The interaction between sciVelo-CHP and another team, 4D Fetal MRI, led by Yijen L. Wu, PhD at CHP, and Anthony Christodoulou, PhD of Cedars-Sinai, also resulted in successful translation outcomes. sciVelo-CHP helped this team work through their science in the form of a successful invention disclosure resulting in a provisional patent application and copyright application filed by the Innovation Institute. 4D Fetal MRI is a scanning MRI software tool that can overcome fetal and maternal motion for ultra-fast, high-resolution fetal anatomical and functional imaging simultaneously. 4D Fetal MRI aims to improve surgeons’ ability to precisely and accurately understand the operative landscape despite the motion artifacts in traditional MRI scans. According to the project lead Dr. Wu: “The sciVelo-CHP team has been very helpful in guiding the 4D Fetal MRI team through writing our invention disclosure and preparing us for funding opportunities, such as the CCA.”
“sciVelo-CHP is an outstanding example of strategic and intentional outreach to researchers and clinicians who are otherwise not self-selecting for the translation of their research. We activate these investigators on their pathway to having translational impact and this is done in close collaboration across Innovation Institute’s innovation and commercialization teams, as well as many other stakeholders in Pittsburgh’s exceptional life sciences innovation and entrepreneurship ecosystem.”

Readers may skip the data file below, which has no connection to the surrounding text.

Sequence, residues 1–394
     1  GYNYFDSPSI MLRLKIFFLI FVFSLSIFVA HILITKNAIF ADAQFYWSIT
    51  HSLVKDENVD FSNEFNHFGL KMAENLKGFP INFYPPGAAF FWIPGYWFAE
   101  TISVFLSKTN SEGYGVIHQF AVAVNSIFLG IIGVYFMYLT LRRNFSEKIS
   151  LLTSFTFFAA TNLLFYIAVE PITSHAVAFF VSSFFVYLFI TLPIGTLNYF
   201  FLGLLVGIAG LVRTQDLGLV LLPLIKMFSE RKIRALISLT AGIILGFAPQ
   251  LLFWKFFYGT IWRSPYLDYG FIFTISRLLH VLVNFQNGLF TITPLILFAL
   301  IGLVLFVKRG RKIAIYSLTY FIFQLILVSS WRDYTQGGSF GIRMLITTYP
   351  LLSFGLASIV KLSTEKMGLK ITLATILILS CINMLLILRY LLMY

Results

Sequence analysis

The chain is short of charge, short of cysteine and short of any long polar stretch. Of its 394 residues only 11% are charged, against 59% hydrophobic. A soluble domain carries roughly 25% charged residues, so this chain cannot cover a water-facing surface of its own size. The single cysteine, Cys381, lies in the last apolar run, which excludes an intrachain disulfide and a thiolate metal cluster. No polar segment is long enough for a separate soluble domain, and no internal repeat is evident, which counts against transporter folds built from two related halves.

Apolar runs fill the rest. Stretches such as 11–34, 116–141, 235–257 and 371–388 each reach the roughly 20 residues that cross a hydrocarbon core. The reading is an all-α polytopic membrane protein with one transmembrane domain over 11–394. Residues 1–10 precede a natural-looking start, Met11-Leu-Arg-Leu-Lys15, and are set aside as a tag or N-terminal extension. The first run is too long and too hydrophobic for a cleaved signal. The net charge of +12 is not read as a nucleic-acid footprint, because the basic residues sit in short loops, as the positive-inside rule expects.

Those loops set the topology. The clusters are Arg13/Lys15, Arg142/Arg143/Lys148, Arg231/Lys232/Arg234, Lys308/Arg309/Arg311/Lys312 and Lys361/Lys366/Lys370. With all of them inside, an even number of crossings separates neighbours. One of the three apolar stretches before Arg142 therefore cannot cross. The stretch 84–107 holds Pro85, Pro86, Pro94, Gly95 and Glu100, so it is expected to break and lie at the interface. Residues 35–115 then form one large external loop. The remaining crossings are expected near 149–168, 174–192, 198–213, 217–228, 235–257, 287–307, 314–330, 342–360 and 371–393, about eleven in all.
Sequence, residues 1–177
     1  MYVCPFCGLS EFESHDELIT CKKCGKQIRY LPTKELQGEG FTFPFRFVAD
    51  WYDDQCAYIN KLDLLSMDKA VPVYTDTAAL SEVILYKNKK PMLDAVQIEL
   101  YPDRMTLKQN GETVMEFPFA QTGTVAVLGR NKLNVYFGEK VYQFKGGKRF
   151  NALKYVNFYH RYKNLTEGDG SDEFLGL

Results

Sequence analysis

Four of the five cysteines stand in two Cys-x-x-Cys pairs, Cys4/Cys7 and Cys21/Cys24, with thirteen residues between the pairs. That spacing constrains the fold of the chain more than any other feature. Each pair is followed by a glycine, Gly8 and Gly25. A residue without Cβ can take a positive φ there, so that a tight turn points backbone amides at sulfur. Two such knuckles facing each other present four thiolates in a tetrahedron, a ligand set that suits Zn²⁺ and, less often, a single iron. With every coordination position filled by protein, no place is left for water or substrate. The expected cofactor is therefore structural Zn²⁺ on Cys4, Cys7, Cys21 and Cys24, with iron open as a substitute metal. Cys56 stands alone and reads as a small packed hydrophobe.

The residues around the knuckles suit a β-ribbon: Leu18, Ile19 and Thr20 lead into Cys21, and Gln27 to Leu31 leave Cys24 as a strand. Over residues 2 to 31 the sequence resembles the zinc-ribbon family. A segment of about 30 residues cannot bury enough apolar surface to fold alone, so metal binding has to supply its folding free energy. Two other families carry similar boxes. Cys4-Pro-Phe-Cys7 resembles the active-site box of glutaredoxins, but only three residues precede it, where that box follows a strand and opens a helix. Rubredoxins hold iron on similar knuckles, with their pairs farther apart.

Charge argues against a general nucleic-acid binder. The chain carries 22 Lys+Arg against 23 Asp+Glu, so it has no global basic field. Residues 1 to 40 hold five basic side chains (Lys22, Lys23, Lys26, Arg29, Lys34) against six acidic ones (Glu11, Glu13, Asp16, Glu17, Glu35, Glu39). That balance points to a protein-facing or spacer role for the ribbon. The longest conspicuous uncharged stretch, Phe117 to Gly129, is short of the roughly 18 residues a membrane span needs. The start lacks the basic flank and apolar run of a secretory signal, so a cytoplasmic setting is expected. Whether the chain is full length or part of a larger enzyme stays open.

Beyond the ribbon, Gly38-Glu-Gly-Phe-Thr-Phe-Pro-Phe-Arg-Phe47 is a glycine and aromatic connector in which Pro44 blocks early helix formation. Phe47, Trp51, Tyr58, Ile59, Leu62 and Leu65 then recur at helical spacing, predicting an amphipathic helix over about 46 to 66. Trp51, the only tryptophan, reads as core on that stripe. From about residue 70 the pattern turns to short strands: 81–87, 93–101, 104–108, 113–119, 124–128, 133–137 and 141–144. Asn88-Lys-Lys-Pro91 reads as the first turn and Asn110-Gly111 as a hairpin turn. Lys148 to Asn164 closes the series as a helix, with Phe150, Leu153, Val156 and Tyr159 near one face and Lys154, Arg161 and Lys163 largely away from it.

- Donald P. Taylor, PhD, MBA, CLP, the Executive Director of sciVelo, Assistant Vice Chancellor for Health Sciences Translation, and Associate Professor of Biomedical Informatics at the University of Pittsburgh.

*sciVelo-CHP is also supported by the FDA’s 1P50FD006427-01 used to create the Pennsylvania Pediatric Medical Device Consortium (PPDC) , one of 5 pediatric device consortia across the United States. sciVelo-CHP proudly contributes to the PPDC with our Pitt partners at the McGowan Institute, and regional partners including Archimedic, Penn Health-Tech, and Children’s Hospital of Philadelphia.”